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The right start in life is crucial for the long-term development of a young person. It is for this reason that YMCA works with young people from birth through to adulthood – maintaining support for them both as individuals but also within a family unit. In our last manifesto we urged government to extend the number of hours of free childcare available to parents and were pleased to see this adopted. However, YMCA still believes that the 15 hours of free childcare should be extended to all two year olds and not just the most disadvantaged.

As one of the largest voluntary sector providers of childcare in the country YMCA knows the true cost of delivering an excellent service to children and families.We are, therefore, concerned that the full and true cost of providing free childcare to providers will not be met under the current arrangements.

Without a national strategy and realistic funding model we may see many providers unable to offer free places, denying young people the right start in life. Furthermore, there is little incentive in the system for organisations to invest the considerable sums necessary to develop additional capacity in the nursery sector. We believe that the next government should provide further incentives via the tax system to help organisations deliver these much needed additional facilities.

The provision and role of health visitors should also be at the centre of targeted support for all families in the UK. Health visitors are in a unique position to offer and coordinate practical family-centred support, but investment in recruitment, training and organisation is necessary. The next government should look at how this and other family support provision can be extended.

The development of a young person is not just confined to schools, parents and carers as there are many other influencing actors in their lives. The youth service is an example of one which often plays a positive role. However, over recent years this has diminished significantly as local authorities have had to operate under reduced budgets.

While a statutory youth service would be ideally placed to be a third pillar in supporting the development of young people it must be done within the context of the economic climate.

There is significant scope for areas of non-formal learning and pastoral care, which are often part of a youth service, to be delivered within and in conjunction with schools by qualified youth workers – supplementing the reduction in funding from local authorities to be driven back into positive activities for young people.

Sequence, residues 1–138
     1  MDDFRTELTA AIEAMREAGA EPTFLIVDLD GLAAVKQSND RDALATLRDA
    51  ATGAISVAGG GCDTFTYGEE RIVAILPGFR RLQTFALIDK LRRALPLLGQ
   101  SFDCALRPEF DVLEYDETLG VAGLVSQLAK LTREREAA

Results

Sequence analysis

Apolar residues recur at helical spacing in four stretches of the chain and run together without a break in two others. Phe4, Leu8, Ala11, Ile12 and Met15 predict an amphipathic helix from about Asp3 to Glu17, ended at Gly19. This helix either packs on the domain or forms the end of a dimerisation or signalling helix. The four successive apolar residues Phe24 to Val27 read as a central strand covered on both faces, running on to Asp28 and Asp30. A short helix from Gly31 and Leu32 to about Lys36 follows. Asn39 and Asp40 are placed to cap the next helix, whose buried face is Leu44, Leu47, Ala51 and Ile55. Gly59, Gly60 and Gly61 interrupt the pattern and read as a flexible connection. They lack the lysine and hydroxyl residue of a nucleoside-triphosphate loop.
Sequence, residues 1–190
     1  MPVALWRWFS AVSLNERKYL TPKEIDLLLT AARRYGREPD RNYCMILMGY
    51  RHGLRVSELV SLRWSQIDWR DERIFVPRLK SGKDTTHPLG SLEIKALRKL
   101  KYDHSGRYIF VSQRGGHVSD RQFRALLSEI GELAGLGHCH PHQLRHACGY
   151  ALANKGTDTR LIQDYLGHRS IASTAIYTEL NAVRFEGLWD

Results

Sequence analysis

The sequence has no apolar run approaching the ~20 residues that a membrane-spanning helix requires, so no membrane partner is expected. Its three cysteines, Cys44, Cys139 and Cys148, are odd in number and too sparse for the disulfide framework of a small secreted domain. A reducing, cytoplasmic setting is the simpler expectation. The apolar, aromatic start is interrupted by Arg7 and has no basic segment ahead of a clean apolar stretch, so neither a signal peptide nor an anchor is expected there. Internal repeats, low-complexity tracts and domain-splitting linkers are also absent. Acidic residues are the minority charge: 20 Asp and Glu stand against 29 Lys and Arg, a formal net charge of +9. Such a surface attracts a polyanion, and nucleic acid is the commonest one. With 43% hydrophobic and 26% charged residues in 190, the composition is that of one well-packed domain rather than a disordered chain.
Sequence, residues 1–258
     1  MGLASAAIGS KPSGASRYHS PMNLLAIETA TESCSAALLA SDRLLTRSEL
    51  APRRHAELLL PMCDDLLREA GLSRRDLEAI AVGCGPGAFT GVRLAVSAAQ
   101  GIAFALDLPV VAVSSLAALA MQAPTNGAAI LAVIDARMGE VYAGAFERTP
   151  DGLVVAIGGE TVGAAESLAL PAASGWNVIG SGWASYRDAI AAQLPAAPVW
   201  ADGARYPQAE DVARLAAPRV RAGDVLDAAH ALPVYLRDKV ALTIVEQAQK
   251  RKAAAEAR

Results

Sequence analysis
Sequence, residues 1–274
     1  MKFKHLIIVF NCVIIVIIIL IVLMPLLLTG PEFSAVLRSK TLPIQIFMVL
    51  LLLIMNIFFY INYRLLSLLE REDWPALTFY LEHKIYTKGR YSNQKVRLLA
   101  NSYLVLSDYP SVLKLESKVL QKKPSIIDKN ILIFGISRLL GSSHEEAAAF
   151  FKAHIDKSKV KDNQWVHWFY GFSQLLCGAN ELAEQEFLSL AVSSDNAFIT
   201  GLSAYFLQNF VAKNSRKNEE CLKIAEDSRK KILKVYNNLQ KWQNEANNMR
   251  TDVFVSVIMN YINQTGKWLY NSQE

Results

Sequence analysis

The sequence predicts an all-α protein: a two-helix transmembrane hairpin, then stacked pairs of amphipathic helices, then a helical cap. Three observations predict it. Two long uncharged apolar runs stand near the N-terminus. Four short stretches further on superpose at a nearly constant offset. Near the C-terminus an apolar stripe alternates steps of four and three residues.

The negative effects of problem debt are significant, impacting on an individual’s physical and mental health as well as housing, employment and relationships.

It is important that people begin learning money management and budgeting skills at a young age. Accordingly, YMCA is calling on the next government to help individuals and families manage and fight the threat of problem debt by incentivising credit unions to offer saving schemes and training, particularly, targeted at young people.

YMCA knows that children and young people who are at risk of offending come from a range of social backgrounds and cultures. Many of them have personal difficulties and individual circumstances that require a flexible response and a range of interventions.

The absence of a positive role model in a young person’s life increases the chance of them offending. YMCA believes that a mentor or youth worker can be that role model and provide the support a young person needs to reach their full potential.

Young carers, day in and day out, provide a lifeline and vital care for those closest around them. They do so during periods of their lives where they should be focussing on growing up, learning and developing themselves. The Children and Families Act 2014 placed a duty on local authorities to perform a needs assessment for young carers and their families. It is imperative that these are comprehensive and that the resulting recommendations are fully implemented to enable young carers to have the same opportunities as their peers.


  • Reclassify youth services as a statutory service, requiring each local authority to have in a place a youth services strategy
  • Introduce a framework to inspect the scope, quality and impact of a local youth service offer
  • Implement a national strategy on childcare to address the failure of the current system to meet parental requirements
  • Pass the full and true cost of providing free childcare to providers in order to create a fair and sustainable system for all
  • Extend the 15 hours of free childcare to all two-year-olds
  • Provide greater support to young offenders to help them reintegrate into their communities
  • Ensure all young carers get a full needs assessment and the support they need to have the same opportunity as their peers
  • Provide favourable VAT exemptions to organisations investing in new nursery facilities
  • Increase the number of health visitors operating across the UK
  • Incentivise credit unions to offer saving schemes and initiatives targeted at primary and secondary children